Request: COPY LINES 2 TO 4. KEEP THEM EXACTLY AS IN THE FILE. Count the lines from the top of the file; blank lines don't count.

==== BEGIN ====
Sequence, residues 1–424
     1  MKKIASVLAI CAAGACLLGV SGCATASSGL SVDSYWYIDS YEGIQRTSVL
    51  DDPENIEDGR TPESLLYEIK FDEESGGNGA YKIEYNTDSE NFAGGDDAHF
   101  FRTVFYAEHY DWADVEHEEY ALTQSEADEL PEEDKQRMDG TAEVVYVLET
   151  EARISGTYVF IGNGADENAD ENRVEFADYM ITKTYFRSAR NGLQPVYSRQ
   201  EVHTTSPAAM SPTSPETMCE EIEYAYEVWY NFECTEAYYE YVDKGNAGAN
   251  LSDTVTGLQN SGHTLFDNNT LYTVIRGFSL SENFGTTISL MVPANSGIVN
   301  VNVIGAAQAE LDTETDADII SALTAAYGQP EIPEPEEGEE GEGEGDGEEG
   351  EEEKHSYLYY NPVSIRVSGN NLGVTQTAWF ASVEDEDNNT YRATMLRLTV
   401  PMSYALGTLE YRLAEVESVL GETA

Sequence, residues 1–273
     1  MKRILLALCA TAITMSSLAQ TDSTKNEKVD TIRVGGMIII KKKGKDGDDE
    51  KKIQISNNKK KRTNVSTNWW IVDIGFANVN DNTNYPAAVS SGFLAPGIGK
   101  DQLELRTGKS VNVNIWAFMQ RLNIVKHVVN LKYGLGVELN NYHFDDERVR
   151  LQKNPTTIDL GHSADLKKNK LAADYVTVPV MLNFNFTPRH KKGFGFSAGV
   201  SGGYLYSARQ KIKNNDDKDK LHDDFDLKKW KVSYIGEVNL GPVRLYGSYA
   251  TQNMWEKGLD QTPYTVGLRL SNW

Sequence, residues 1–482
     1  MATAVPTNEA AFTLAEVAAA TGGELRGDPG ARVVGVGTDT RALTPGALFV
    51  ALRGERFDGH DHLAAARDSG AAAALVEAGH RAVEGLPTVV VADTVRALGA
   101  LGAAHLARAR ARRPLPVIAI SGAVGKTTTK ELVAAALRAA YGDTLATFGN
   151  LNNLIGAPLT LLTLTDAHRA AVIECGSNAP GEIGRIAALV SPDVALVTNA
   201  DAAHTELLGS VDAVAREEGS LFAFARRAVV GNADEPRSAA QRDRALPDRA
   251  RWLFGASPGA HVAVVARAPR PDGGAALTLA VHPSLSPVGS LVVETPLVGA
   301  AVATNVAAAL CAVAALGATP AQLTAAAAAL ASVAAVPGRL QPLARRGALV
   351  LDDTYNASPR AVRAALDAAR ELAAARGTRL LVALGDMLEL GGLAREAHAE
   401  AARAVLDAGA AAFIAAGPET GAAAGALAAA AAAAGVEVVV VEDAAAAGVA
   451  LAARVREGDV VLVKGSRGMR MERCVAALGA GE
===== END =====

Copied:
     1  MKKIASVLAI CAAGACLLGV SGCATASSGL SVDSYWYIDS YEGIQRTSVL
    51  DDPENIEDGR TPESLLYEIK FDEESGGNGA YKIEYNTDSE NFAGGDDAHF
   101  FRTVFYAEHY DWADVEHEEY ALTQSEADEL PEEDKQRMDG TAEVVYVLET